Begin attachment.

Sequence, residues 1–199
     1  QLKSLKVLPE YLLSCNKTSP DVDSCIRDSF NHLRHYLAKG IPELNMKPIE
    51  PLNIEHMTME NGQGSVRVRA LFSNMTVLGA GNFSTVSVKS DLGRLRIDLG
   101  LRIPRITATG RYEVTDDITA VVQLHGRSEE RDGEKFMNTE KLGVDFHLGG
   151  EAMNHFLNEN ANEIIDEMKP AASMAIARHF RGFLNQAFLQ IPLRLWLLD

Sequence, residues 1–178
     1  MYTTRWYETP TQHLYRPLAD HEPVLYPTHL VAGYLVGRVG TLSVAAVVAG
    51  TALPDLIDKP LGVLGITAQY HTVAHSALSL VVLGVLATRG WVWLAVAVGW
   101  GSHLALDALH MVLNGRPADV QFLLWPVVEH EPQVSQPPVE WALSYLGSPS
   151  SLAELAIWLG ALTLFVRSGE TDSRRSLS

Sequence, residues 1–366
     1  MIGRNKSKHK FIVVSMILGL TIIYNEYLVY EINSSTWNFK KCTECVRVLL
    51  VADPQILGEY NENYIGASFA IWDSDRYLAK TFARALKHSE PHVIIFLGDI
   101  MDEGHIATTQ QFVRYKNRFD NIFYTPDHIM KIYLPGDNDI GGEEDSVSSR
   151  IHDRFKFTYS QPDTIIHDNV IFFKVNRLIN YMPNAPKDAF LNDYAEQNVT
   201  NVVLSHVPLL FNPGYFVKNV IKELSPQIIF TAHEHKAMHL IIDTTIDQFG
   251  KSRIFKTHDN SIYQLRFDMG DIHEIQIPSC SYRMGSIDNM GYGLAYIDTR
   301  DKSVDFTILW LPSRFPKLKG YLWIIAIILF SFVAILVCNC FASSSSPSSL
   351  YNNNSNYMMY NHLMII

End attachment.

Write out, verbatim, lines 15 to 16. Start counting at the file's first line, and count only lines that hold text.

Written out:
   151  IHDRFKFTYS QPDTIIHDNV IFFKVNRLIN YMPNAPKDAF LNDYAEQNVT
   201  NVVLSHVPLL FNPGYFVKNV IKELSPQIIF TAHEHKAMHL IIDTTIDQFG